VICE News’ Justin Ling and Nilo Tabrizy joined 'On The Line' to take your questions about Justin Trudeau’s Canada.
Supporters of the Islamic State took to Twitter to celebrate prime minister-designate Justin Trudeau’s victory last week, and his promise to pull Canada out of the bombing campaign in Iraq and Syria.
James Moore, a one-time leadership contender who announced that he didn’t intend to seek re-election, says the Conservatives need to “stare down the image that we’re a pretty aggressive party.”
Prime minister-designate Trudeau says he will bring 25,000 refugees to Canada by year end, air-lifting them if necessary. That probably means they would have to be housed at every air base in the country.
Trudeau has had to put off the move into 24 Sussex, which has been the official residence for Canada’s prime minister since 1951, because the crumbling structure could actually prove dangerous for its inhabitants.
The question is whether Justin Trudeau will continue the previous Conservative government’s agenda of extraction and pipeline construction. Based on the Liberals’ campaign promises, Canada is not about to see a complete 180.
There is something cinematic about Trudeau, who grew up at the prime ministerial residence in Ottawa shaking hands with the likes of Margaret Thatcher and Fidel Castro, returning to his old stomping grounds.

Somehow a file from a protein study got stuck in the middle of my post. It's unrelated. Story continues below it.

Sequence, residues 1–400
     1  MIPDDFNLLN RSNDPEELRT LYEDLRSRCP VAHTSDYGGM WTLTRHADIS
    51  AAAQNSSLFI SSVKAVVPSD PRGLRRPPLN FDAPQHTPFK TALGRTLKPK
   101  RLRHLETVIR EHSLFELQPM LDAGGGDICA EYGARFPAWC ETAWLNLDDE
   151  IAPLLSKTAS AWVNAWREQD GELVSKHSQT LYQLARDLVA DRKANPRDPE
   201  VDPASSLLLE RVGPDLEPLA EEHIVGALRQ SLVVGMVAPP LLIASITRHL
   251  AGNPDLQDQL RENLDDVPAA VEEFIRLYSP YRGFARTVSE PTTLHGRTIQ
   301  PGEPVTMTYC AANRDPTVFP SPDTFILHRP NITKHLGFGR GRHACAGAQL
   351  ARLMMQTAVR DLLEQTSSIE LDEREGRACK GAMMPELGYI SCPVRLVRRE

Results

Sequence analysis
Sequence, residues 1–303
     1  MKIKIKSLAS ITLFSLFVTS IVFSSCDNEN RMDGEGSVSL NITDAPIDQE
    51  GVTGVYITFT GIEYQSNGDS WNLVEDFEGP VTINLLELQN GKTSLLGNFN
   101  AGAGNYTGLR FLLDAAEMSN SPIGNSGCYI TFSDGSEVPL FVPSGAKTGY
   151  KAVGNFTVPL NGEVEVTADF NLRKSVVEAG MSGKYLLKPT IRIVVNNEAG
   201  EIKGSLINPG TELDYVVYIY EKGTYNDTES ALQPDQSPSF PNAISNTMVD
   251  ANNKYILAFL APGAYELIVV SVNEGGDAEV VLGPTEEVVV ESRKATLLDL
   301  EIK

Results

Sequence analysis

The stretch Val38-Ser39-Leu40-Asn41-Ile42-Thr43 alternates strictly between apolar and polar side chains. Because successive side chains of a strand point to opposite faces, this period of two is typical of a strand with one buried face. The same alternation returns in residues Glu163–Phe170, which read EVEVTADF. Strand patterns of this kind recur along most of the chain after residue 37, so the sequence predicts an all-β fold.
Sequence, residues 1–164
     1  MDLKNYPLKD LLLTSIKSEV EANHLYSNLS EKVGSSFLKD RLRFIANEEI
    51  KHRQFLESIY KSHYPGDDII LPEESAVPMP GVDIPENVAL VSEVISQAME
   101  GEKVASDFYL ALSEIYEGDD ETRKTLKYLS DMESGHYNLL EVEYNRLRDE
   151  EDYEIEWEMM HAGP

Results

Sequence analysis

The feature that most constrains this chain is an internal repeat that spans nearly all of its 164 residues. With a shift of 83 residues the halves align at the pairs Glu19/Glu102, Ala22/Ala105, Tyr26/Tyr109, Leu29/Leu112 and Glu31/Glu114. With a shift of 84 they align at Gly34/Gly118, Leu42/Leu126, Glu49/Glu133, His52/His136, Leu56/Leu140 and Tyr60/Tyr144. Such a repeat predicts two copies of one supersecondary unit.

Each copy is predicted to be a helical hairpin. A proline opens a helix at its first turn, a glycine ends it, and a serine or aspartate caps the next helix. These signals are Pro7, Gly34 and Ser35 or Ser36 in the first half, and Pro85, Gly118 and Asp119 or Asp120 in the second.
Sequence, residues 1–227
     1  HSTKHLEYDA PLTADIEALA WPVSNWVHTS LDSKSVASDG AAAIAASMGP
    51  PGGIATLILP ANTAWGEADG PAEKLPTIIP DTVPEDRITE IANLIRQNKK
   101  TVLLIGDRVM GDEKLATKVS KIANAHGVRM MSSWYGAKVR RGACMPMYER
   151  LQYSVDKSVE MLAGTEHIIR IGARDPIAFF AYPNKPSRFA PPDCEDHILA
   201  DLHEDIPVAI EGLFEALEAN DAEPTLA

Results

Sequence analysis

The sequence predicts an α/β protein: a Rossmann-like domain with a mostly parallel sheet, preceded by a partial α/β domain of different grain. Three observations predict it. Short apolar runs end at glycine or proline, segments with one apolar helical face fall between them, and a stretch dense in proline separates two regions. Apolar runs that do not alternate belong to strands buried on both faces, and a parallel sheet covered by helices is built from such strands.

Liberal leader Justin Trudeau defied early critics and polls to lead his party to a shockingly strong win in the longest Canadian election in over 100 years.
"We love you, Stephen Harper!" one woman cried several times. And then it was over. Harper shook some hands and walked off the stage, as his reign as prime minister of Canada came to an end.
It's the end of an era, with Stephen Harper's Conservative government losing its majority grip on Canada's Parliament. He will be stepping down as leader of the party.
John Oliver explicitly told Canadians not to vote for Stephen Harper last night, but he technically wasn’t “inducing” votes and therefore won’t be punished under an obscure Canadian law.